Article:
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Men’s soccer: A Payne-ful year, but ideally a foundational one

The real Payne was trying to watch some of these non-conference teams’ streams.

Twitter @NUMensSoccer

Northwestern’s fall campaign came to an end last Friday at the hands of Maryland in the first round of the Big Ten tournament, putting its final record at 3-9-5.

There wasn’t much immediate gratification enjoyed by anyone affiliated with the program over the last two-plus months, but there never were, nor should there have been, expectations of anything else.

However, there was a decent amount of progress made, and a lot of decisions made by coach Russell Payne that will benefit the program down the line and close the gap between the ‘Cats and the top teams in the conference. Before we can get to that, we have to look back at what was, for the most part, a forgettable year, one last time.

Season recap

NU kicked off the year with an enthralling 3-3 draw against Chicago State, deploying a 2-3-5/4-3-3 in and out of possession that, I’ll admit, sold me a dream on what this team could accomplish. The following match, a 1-0 loss at FGCU, was a much better indicator of what was to come.

The ‘Cats remained winless through the next three matches, where they used a back three system that, respectfully, was doomed from the start. The low point of the year likely occurred during this run, as Northwestern conceded six goals in 90 consecutive minutes from the Villanova second half through the first half of the Western Michigan match. Thankfully, Payne abandoned his pursuit of being the American Antonio Conte in the second half against WMU, introducing a 4-2-3-1/2-3-5 system that he kept from that point onward.

In their first full match using the structure that we’re all too familiar with now, the ‘Cats bested Houston Baptist 2-1 to pick up their first win. Notably, Jason Gajadhar made his first start and score his first goal of his collegiate career in that game, and he did not leave the starting XI, unless for rest, after that.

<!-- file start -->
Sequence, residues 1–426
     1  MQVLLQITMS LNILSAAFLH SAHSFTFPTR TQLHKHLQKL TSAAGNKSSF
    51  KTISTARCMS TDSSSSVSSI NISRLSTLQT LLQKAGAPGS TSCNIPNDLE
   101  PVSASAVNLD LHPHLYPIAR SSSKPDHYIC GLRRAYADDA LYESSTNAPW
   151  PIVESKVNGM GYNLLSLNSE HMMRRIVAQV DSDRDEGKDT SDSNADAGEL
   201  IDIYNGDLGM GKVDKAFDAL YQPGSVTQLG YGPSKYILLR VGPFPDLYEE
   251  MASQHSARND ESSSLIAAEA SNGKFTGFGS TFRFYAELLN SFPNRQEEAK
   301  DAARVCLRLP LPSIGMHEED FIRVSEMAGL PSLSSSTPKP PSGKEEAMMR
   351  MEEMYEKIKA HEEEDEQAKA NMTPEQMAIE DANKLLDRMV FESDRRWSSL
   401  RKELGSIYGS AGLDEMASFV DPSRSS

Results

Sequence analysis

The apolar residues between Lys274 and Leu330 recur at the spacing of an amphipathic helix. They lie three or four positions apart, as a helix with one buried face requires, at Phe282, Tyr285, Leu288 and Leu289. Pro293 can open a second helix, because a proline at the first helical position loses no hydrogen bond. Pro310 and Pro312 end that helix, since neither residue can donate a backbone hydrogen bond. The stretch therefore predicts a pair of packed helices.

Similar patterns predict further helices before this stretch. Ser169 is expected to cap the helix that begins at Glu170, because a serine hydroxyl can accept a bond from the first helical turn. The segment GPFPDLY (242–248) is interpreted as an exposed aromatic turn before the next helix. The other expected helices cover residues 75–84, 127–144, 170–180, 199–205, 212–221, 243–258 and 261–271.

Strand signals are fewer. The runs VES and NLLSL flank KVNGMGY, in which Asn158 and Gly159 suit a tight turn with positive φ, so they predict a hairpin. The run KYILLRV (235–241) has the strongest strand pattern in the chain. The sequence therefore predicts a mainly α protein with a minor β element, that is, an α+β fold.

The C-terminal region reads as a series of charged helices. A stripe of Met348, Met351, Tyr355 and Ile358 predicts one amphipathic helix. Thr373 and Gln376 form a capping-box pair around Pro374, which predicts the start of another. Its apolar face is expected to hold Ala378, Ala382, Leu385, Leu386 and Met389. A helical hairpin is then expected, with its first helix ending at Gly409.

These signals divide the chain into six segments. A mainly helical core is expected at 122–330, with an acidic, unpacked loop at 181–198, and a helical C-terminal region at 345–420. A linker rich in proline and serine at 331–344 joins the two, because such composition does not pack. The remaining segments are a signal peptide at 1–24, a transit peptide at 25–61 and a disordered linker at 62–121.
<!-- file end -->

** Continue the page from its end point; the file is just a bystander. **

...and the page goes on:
Northwestern took that remarkable one-game winning streak into conference play, where it conceded 11 goals and scored just four in its first three matches, all losses, against Rutgers, Michigan and Indiana. The 4-1 defeat at the Hoosiers was particularly crushing, as the ‘Cats opened the scoring early in the second half before conceding three in the next four minutes, and Vicente Castro left the game with an injury that sidelined him for the remainder of the season. Unfortunately, this would not be the first game where they squandered a lead.

NU followed that up with two draws against Penn State and Maryland, with a late goal by the then-No. 8 Terrapins taking away what Payne thought could’ve been a win. Additionally, another key contributor in Justin Weiss picked up an injury during that time frame, and he would not appear again until the Big Ten Tournament.

After a 3-1 win against Northern Illinois, the ‘Cats traveled to Ohio State where they gave away two penalties that sealed a 2-1 loss. Then, a 1-0 defeat against Wisconsin on Senior Day all but ruled out their chances at a postseason run. However, Northwestern was able to grab its first, and only, Big Ten victory of the season on the last day at Michigan State, and with the help of Penn State, Payne and Co. ended up in the conference tournament as the eight seed.

This meant it’d face Maryland, the regular season champion, again, this time in College Park. After playing to, and even above, the Terps’ level for the first half-hour, the ‘Cats faded and Maryland eventually found the back of the net to win 1-0.

Looking ahead to 2023

As I mentioned earlier, it wasn’t a great year, but there were a couple of important developments that will provide a strong platform to build off of heading into Year Three of Payne’s reign.